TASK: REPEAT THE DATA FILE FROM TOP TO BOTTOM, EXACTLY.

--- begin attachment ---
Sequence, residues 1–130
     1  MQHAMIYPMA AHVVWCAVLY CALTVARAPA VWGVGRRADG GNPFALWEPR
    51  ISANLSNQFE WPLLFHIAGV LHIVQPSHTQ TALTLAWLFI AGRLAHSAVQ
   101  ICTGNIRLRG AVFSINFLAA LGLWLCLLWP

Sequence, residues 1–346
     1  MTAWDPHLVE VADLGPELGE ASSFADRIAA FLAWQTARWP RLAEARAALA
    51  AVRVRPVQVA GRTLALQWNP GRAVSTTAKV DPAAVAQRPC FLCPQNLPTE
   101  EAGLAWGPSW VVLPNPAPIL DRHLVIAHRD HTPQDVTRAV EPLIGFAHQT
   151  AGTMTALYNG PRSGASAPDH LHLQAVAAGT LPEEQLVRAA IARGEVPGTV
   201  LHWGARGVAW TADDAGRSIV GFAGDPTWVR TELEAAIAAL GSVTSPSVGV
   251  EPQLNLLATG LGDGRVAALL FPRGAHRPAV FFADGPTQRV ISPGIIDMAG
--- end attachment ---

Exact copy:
Sequence, residues 1–130
     1  MQHAMIYPMA AHVVWCAVLY CALTVARAPA VWGVGRRADG GNPFALWEPR
    51  ISANLSNQFE WPLLFHIAGV LHIVQPSHTQ TALTLAWLFI AGRLAHSAVQ
   101  ICTGNIRLRG AVFSINFLAA LGLWLCLLWP

Sequence, residues 1–346
     1  MTAWDPHLVE VADLGPELGE ASSFADRIAA FLAWQTARWP RLAEARAALA
    51  AVRVRPVQVA GRTLALQWNP GRAVSTTAKV DPAAVAQRPC FLCPQNLPTE
   101  EAGLAWGPSW VVLPNPAPIL DRHLVIAHRD HTPQDVTRAV EPLIGFAHQT
   151  AGTMTALYNG PRSGASAPDH LHLQAVAAGT LPEEQLVRAA IARGEVPGTV
   201  LHWGARGVAW TADDAGRSIV GFAGDPTWVR TELEAAIAAL GSVTSPSVGV
   251  EPQLNLLATG LGDGRVAALL FPRGAHRPAV FFADGPTQRV ISPGIIDMAG